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Maligned by politics and hysteria, as well as television and film, the Python is an extremely intelligent and passive animal that makes a great pet, providing you feed and care for it properly. Although Pythons are reputed to be one of the largest snakes at full growth, which can be as much as 20 feet in length, and exceed 200 pounds in weight; this potential is exaggerated as something that is common and to be expected, when it fact it is not. Such lengths are rare, unless a deliberate attempt to create a large Python was made through overfeeding; and this is almost always done in captivity.
In the wild, less than a few percent have the luxury of a prey rich environment that is free of predators that kill the Python long before it reaches such size. Many animals, especially cold blooded, can be overfed and as a result overgrown. The real “average” size for the Burmese Python ranges between eight and twelve feet, depending on a variety of issues in its housing and care. The larger examples beyond this are less than 10% category.
Too often, this size is perceived by novices to such animals, as having a three dimensional impression. That is, we think the animal is eight feet HIGH, eight feed WIDE and eight feet DEEP. When curled up, however, it is only equivalent to that of a small to medium size dog.
The fact is, in the domestic environment, a properly fed and cared for Python can easily be kept to a reasonable size, no larger than a medium dog.
They can be easily handled, carried and moved without trouble, once a little experience and trust is developed both ways. The key is to feed modest amounts on a predictable schedule, while keeping the animal in an environment that allows it to choose its heating source (warm belly or overhead heat), and to not allow the heat to get too tropical. Temperature is a key to growth control that no one seems to appreciate the importance of, and it is not at the expense of any health issues for the animal.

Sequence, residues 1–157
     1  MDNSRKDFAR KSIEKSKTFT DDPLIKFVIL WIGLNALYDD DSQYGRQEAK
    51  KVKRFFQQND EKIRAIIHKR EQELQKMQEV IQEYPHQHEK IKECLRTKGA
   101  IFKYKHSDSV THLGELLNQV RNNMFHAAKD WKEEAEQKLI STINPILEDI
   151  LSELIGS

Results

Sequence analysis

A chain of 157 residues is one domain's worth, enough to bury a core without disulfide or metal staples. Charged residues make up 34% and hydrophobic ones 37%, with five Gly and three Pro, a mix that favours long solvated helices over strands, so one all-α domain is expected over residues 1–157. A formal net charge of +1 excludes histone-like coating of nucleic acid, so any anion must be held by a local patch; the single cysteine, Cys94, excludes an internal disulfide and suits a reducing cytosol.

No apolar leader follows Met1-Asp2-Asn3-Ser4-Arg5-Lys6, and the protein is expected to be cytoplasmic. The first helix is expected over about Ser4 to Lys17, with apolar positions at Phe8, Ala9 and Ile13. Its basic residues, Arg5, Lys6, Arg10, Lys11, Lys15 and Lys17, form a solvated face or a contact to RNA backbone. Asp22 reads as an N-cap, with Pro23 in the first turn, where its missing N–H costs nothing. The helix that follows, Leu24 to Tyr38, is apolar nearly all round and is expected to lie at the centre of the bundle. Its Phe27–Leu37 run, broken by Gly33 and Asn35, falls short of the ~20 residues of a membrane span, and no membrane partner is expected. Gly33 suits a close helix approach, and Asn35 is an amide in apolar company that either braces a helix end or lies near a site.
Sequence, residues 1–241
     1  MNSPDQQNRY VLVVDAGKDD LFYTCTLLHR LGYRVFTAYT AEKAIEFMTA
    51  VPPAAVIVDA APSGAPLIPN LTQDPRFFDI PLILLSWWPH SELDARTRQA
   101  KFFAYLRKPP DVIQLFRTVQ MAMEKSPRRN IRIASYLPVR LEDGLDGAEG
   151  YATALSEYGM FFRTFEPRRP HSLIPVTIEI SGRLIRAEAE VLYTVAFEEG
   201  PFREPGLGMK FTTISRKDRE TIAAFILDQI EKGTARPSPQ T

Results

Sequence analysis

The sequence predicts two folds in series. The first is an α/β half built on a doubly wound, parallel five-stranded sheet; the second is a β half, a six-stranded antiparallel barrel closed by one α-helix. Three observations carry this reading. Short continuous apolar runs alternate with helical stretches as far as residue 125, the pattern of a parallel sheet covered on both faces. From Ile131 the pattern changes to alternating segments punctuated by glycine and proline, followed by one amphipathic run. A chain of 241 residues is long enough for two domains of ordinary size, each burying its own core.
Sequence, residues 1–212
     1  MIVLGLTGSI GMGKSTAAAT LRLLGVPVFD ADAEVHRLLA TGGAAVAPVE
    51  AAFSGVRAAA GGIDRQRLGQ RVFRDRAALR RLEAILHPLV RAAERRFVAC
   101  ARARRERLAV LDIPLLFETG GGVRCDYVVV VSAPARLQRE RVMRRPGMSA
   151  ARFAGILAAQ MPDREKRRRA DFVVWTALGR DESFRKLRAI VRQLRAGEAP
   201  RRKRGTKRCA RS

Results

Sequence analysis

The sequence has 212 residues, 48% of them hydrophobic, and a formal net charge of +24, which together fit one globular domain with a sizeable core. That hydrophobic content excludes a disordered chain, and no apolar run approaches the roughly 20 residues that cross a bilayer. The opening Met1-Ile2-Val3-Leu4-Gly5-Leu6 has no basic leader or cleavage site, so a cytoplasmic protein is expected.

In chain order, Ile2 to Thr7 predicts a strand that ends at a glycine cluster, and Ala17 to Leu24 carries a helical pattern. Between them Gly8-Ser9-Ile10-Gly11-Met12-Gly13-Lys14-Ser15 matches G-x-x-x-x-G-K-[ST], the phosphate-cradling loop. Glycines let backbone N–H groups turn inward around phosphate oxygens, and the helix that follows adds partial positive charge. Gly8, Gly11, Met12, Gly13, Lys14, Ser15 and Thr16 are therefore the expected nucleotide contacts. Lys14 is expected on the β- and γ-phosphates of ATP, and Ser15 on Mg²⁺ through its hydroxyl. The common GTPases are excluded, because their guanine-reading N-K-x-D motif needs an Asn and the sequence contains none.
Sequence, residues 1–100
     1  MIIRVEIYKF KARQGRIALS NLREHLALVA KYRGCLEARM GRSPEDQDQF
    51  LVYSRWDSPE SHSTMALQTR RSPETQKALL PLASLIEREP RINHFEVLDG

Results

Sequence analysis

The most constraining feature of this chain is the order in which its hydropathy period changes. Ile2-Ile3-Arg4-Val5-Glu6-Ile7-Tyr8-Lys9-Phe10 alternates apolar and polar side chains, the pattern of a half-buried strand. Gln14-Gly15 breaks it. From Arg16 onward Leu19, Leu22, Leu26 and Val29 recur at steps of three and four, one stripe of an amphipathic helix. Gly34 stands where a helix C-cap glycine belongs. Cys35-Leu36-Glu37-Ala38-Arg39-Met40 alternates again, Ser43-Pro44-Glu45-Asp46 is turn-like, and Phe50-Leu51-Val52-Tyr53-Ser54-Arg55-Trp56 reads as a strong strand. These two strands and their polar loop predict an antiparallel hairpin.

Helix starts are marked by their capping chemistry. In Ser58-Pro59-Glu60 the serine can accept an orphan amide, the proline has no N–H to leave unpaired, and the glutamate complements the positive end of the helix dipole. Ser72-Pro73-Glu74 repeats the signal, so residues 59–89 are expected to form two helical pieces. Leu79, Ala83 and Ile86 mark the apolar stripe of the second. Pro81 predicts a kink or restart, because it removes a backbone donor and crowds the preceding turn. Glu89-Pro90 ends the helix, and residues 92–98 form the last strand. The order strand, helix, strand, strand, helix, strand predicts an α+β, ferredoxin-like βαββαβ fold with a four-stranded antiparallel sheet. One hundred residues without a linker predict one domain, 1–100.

Keeping a Python for 25 years that never exceeds 11 feet in length and 55 to 60 pounds in weight is typical. Another example of this author is 9 feet and 22 years of age, that weighs only 35 pounds. Both are very happy and healthy.
How much food, and when?
When they are yearlings, they should eat more often, such as every seven (7) days, beginning with small mice and staying with rodents bought in size based on the size of the snake’s head. After two years or so, their schedule should be stretched out to about ten (10) days, using the same formula of food size and frequency.
After they’ve outgrown mice.
Over the next three or four years, this will move through the rat size you choose, beginning with small, and progressing up through medium, large and jumbo if such a breakdown is available at your local pet store.
It is better to feed your snake additional rodents of a specific size, rather than graduate the animal to a single serving of a larger animal, such as a rabbit, which is not good. Any bird, especially chickens, is not good for many reasons. The size of the food should be no larger than three (3x) the size of the snake’s head. As they mature to adult, the single feeding of this size may now double to two animals of this proportion. If on occasion you are forced to settle for only twice (2x) the size of the snake’s head, then you can double up on those in lieu of a single size that is larger. The change from mice to rats, should be made when the snake has reached the point (usually two years) where it takes two (2) mice to be an adequate meal. Then move on to a small rat, which would be of similar body weight as the two mice.
Nutrition between the mouse and rat is different as well, which the adolescent Python begins to require.